Seven Questions Every Writer Should Be Ready To Answer

The joy of finishing your story, the bliss of an acceptance, the struggle to write your bio. Yay! You’re done.

Wait! You’re not done. There’s more….

Just when you think you have a story nicely wrapped up, and have moved on to other things, you get an email asking you to answer a few questions.

These questions Continue reading

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Every Story Has Its Seasons: Fall Clean-Up

Spring – seeds of your first ideas, images, characters, plotlines send up green shoots!

Summer – the story blossoms, flowers and weeds alike.

Fall…

Fall. I’m working on my earth pond, pulling out invasive weeds and dredging stinky sludge and algae. I check every scoop for frogs and salamanders so it’s slow work. And it’s hard work too. The huge pond rake becomes even heavier when dragged through water.

If I don’t do this, the inlet pipe gets clogged up and the pond becomes cloudy with silt and will eventually fill up and return to the mosquito-infested swamp it once was.

salamander in netEarly fall is a good time for a pond clean-up.The frogs and salamanders I disturb are able to swim away and dig themselves into the mud again. If I leave it till later, when it’s much colder, they can be very sluggish and I worry about whether they’ll survive.

Dredge too early, in the spring, and the frogspawn and young salamanders will be destroyed.

Just like with the earth pond, fall is the optimum time for cleaning up a story! This is the time when a story’s process, motivations, scenes, points of view have become overgrown or tangled up in other weedy storylines, or even died off and disappeared into the undergrowth. Continue reading

Writer’s Process: Curiosity And The Contagion Of Looking

Dominion Building, MontrealMy story isn’t working. There are too many characters, too many events. Too much back story. I’ve lost the road map and driven into a swamp.

I need to take a breather. Time for a field trip.

“The brass elevator doors in the Dominion Square Building,” suggests a poet friend.

Go look at an elevator door? Really? Continue reading

Constraints And Creativity: A Coffee Break Writing Challenge

Want a fun writing challenge for your coffee break this morning?

Here’s a prompt that will put a sparkle in your synapses and a skip in your step.

Author Sharon Callaghan* came up with it for Greene Writers this week. Impossible, no way, you’re joking, we said. The boundaries seemed just too restrictive. But we were bowled over by what we produced.

Teachers of creative movement learn quickly that constraints help creativity. If you say “OK, so go ahead and make a dance” students talk and yawn, and can hardly get themselves up from the floor. If you say “Make a dance in which you cannot move from the spot, using only three parts of your body” there is the usual resistance for a couple of minutes, then you see only intense focus, concentration and energy…and exciting idiosyncratic, dynamic and Continue reading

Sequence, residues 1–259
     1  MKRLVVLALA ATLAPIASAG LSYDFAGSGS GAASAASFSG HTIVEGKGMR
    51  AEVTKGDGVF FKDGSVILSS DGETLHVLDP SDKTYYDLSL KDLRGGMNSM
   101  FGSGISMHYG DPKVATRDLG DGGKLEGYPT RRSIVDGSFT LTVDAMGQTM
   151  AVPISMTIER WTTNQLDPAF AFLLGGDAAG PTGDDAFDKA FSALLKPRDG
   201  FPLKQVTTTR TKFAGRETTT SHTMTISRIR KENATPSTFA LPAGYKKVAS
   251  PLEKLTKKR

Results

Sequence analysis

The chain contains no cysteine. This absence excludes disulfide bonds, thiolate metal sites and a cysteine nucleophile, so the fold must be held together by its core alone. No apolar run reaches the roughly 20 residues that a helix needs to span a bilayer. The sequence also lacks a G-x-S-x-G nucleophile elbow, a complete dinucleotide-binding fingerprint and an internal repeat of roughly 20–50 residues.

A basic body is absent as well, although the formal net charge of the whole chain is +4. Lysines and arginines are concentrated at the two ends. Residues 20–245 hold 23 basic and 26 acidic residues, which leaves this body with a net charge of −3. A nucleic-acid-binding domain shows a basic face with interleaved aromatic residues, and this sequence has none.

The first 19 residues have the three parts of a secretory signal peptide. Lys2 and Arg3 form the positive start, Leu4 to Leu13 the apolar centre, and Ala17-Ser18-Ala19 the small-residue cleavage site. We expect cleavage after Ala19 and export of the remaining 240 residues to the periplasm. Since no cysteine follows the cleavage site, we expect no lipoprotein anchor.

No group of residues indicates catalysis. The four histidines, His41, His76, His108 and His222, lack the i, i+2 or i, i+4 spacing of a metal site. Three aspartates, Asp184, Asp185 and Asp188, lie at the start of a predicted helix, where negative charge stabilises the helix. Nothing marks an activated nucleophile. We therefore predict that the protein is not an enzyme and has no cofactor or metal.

Writing Fiction, Tempting Fate?

chimneyDo you ever worry about tempting fate when you write fiction?

That if you write about x, about something nasty happening, maybe something especially nasty, you might be putting an idea or vibration out into the universe and so that something nasty will actually come to be?

Sounds crazy, I know, but I worry!

Trouble is, there’s not a whole lot of interesting things to write about if you cut out anything negative or unpleasant! Right at the beginning of Continue reading

Go Squeeze Words

pencils rich in wordsDo you read what artists in other disciplines are writing about?

I am always surprised by how helpful blogs and books about photography or visual arts or theater (or any art form) can be for my own writing or movement creativity.

“Think like a painter. Think like a musician. Think like a surgeon. Don’t think, just write.”  Lisa Moore (Prism International, 2009)

I’ve been receiving ideas, advice, inspiration and encouragement from artist Robert Genn’s always entertaining twice-weekly newsletters for years. His recent passing will be a great loss to those who enjoyed his writings, paintings and teaching.

His daughter Sara, also a visual artist, is picking up the torch and continuing her father’s newsletter tradition. In last week’s newsletter she celebrated her father with a moving and inspiring tribute.

Robert Genn was a master of pithy quotations. One in particular that Sara shared, snagged my attention: Continue reading

5 Things Not To Do When Your Writing Gets Stuck

Vortexit II, Bill Vazan, Réné-Lévesque Park, Lachine, QC

What’s the first thing you do when your writing gets stuck? After drinking coffee and eating chocolate, of course.

Recent comments by Canada’s Prime Minister and Finance Minister insisting they won’t change their plans for pushing forward with the Northern Gateway oil-sands pipeline despite fierce opposition provide useful insight into what not to do if you find your writing project stuck.

Continue reading